The Vikings arrived in Iceland more than a thousand years ago, bringing their small Nordic horses with them.
Today, because of isolation, the breed is as pure as the day the Vikings brought them. Icelandic law prevents horses from being imported into the country and once exported, the horses are never allowed to return.
Often referred to as Viking ponies because of their small size, they are horses. They are gentle, friendly and willing animals. They come in all colors from white to black, palomino to silver, and everything in between. The Icelandic horse is also renowned for its five gaits, the most popular being the tölt. The tölt is a four beat running-walk with flowing movement, which is easy and comfortable to ride.
We had the opportunity to ride, English style, at the Þúfa farm in Kjós. Our ride started from the Þúfa farm and we rode towards a very small river called, Skorá. We followed the banks of the river, crossing it a few times.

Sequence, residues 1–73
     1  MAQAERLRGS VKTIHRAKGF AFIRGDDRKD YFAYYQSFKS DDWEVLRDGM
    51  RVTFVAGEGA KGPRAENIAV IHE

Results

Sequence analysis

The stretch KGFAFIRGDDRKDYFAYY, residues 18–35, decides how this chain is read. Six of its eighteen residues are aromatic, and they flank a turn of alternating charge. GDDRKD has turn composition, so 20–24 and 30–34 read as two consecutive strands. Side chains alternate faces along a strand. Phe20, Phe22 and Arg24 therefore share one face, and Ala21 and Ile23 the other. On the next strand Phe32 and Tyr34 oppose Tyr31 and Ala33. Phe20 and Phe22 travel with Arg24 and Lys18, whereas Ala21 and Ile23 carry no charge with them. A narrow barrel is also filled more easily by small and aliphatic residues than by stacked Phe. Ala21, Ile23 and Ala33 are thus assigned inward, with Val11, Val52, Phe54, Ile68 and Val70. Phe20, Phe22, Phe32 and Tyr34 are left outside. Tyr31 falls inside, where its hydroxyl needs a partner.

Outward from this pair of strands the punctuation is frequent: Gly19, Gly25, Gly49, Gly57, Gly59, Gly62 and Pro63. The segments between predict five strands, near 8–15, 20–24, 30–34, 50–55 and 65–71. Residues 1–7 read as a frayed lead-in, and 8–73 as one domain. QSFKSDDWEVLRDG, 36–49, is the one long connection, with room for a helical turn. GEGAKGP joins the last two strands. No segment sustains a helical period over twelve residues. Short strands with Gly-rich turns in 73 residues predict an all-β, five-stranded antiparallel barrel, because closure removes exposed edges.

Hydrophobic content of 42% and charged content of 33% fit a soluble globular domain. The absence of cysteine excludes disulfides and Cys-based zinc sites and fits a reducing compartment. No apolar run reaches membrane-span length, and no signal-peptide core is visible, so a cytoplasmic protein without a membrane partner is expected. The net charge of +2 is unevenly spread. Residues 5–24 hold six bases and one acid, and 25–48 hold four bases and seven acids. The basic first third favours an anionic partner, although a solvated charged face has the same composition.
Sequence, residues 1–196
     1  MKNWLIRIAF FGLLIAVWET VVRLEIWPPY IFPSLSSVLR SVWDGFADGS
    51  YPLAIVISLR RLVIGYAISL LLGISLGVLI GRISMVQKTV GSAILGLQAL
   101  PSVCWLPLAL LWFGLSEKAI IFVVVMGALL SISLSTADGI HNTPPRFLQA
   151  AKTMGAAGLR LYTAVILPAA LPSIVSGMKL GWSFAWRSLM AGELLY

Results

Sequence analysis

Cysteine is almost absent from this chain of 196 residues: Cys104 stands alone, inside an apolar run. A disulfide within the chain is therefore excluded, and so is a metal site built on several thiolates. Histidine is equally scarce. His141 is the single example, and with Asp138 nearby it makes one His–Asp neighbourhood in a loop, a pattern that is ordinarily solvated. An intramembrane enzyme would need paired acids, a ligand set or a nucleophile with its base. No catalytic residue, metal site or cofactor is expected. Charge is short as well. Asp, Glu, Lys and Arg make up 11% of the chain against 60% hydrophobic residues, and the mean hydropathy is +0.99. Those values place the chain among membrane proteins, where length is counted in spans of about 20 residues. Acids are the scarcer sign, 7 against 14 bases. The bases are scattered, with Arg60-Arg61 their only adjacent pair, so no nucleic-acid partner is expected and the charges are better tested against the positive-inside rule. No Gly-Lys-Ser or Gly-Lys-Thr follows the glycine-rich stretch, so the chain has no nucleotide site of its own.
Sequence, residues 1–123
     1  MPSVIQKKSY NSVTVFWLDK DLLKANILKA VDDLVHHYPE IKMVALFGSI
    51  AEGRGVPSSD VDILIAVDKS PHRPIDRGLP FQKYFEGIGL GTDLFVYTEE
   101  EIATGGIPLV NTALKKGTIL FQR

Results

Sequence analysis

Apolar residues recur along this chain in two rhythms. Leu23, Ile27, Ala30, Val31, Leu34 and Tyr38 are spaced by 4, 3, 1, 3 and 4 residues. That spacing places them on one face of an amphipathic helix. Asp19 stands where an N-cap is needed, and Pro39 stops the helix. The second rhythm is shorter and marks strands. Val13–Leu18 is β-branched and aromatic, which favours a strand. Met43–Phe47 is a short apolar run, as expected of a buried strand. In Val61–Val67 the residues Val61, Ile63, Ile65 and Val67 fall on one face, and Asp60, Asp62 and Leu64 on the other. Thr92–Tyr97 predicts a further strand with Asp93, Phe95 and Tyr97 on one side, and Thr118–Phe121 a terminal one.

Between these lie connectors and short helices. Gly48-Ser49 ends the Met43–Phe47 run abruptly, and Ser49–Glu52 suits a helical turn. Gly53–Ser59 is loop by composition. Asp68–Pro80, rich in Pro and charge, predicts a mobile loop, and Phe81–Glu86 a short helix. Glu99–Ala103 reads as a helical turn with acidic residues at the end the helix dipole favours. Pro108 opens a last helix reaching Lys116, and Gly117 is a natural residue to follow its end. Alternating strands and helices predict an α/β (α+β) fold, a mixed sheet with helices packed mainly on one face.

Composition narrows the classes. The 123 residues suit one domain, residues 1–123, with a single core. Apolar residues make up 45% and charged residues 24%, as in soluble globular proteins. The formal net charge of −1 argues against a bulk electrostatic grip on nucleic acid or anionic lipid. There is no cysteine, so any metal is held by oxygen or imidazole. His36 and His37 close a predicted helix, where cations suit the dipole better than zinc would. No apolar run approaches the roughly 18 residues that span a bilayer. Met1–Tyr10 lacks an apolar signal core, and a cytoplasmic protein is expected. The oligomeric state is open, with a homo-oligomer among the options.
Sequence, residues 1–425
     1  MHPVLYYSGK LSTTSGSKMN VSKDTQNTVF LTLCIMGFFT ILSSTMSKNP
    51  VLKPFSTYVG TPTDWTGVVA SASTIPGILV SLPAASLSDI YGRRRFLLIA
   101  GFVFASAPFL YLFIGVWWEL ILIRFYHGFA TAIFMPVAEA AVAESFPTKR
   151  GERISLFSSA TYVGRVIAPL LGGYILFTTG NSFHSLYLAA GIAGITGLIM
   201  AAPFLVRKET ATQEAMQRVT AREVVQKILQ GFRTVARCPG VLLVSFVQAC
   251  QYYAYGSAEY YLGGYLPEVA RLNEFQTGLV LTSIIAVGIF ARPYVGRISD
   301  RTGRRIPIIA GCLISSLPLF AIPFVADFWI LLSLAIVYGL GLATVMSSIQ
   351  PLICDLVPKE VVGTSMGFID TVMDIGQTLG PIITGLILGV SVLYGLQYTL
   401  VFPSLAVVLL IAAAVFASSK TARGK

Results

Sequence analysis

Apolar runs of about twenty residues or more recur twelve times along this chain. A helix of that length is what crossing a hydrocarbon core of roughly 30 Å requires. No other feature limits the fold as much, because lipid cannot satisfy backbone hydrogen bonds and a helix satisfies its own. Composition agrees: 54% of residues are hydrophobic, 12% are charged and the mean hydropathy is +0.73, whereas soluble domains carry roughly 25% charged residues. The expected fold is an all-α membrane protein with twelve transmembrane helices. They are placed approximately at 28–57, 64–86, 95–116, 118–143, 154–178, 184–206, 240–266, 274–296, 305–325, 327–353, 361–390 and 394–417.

It is customary on Icelandic rides to allow the horses a short break to eat some grass and drink water from the river. The hillside where we stopped was covered in Krækiber, Icelandic black berries. While our horses got their fill of the grass, we picked some of the wild berries, which are somewhere between somewhat sweet and bitter.
My horse was only six years old, the youngest of our bunch, and she liked to run. I definitely got to experience the famous tölt. Tim's horse, who was 20 years old, was a bit slower and took his time along the trail. We had a wonderful ride at the Þúfa farm, with beautiful scenery!